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Activists Say They'll Put Their Own Metro Funding Plan On The Ballot

Bill Rinehart
Members of the Southwest Ohio Regional Transit Authority (SORTA) all seemed to agree Wednesday that Metro's current funding system doesn't work.

Several SORTA members expressed disappointment the transit authority will not put a sales tax on the ballot this November. But they also agreed something has to be done to fix a looming deficit for Metro.

Board chair Kreg Keesee says the current political climate would have made it hard for a tax to pass.

"While we're not voting today I do have every intention of moving us to the ballot as soon as practical," Keesee says. "I hope as early as next May, and we'll be doing some work to get oriented toward that in the near future."

He says the delay gives SORTA a chance to build support.

But Cam Hardy of the Better Bus Coalition isn't convinced. He says SORTA is kicking the can down the road and that the coalition will start its own campaign in order to get something on the May ballot.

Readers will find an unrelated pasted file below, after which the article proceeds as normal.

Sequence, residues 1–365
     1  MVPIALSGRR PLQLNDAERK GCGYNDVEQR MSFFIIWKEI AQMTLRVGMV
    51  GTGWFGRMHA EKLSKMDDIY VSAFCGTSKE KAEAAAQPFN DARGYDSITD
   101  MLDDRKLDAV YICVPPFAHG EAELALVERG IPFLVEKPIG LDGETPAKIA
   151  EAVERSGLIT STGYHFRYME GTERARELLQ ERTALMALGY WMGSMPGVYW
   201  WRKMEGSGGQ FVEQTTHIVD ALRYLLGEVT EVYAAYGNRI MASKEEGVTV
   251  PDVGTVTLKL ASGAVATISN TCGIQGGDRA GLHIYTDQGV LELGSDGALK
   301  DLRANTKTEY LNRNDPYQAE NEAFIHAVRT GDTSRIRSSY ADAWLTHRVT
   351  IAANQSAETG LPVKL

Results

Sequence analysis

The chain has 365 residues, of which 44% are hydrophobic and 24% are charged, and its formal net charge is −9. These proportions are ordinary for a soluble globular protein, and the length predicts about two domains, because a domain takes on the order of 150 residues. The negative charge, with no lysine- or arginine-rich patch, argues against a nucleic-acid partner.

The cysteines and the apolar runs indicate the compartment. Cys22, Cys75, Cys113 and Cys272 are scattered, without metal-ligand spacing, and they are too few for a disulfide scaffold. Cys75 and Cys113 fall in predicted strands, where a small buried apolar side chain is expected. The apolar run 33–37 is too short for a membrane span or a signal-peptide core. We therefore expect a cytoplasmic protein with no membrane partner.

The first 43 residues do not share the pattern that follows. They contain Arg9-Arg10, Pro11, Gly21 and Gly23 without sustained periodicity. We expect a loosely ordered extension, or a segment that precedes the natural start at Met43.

"We plan on putting an earnings tax increase on the ballot to fund Metro. What we plan on doing is making Metro more city-focused. It's apparent that the board can't come to a consensus on a county-wide solution, which we do support, but the crisis cannot wait." Hardy says the coalition will start circulating petitions for a charter amendment after the ballot language is finalized.

Hardy is aiming for the May 2019 election. He isn't too concerned about SORTA putting a measure up for a vote then. "I don't trust that they're going to do it. They said last year they were going to take it this year, and they didn't."

A SORTA board, with some different members, did approve a ballot measure effort in June 2017.

Hardy says while the coalition will seek to increase the city's earnings tax, Metro needs to be funded at the county level. "For 10 years there has been no funding solution and this is the next best thing."

He says until a county-wide funding mechanism is approved, the city will have to step up and benefit. "If they're going to cut service it should start with those county express routes." Hardy says that would save $6 million.

Metro is facing a $6.4 million deficit for 2019 and, overall, a $184 million deficit over the next 10 years.

Bill Rinehart started his radio career as a disc jockey in 1990. In 1994, he made the jump into journalism and has been reporting and delivering news on the radio in markets including Omaha and Lincoln, Nebraska; Sioux City, Iowa; Dayton, Ohio; and most recently as senior correspondent and anchor for Cincinnati’s WLW-AM.